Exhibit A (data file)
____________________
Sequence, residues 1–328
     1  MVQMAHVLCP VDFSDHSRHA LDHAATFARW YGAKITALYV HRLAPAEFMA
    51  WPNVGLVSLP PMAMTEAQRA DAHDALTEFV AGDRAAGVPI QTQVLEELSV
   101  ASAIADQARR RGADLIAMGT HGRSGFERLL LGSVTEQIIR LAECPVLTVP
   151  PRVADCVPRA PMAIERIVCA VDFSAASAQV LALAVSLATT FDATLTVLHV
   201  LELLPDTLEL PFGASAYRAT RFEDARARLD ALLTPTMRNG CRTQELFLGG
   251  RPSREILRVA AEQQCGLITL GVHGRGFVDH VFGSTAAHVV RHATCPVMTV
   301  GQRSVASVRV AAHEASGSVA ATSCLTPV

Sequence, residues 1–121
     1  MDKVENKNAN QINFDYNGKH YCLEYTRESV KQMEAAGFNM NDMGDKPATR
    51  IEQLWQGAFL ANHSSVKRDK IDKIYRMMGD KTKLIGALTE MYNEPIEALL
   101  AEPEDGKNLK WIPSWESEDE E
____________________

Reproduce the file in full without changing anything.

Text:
Sequence, residues 1–328
     1  MVQMAHVLCP VDFSDHSRHA LDHAATFARW YGAKITALYV HRLAPAEFMA
    51  WPNVGLVSLP PMAMTEAQRA DAHDALTEFV AGDRAAGVPI QTQVLEELSV
   101  ASAIADQARR RGADLIAMGT HGRSGFERLL LGSVTEQIIR LAECPVLTVP
   151  PRVADCVPRA PMAIERIVCA VDFSAASAQV LALAVSLATT FDATLTVLHV
   201  LELLPDTLEL PFGASAYRAT RFEDARARLD ALLTPTMRNG CRTQELFLGG
   251  RPSREILRVA AEQQCGLITL GVHGRGFVDH VFGSTAAHVV RHATCPVMTV
   301  GQRSVASVRV AAHEASGSVA ATSCLTPV

Sequence, residues 1–121
     1  MDKVENKNAN QINFDYNGKH YCLEYTRESV KQMEAAGFNM NDMGDKPATR
    51  IEQLWQGAFL ANHSSVKRDK IDKIYRMMGD KTKLIGALTE MYNEPIEALL
   101  AEPEDGKNLK WIPSWESEDE E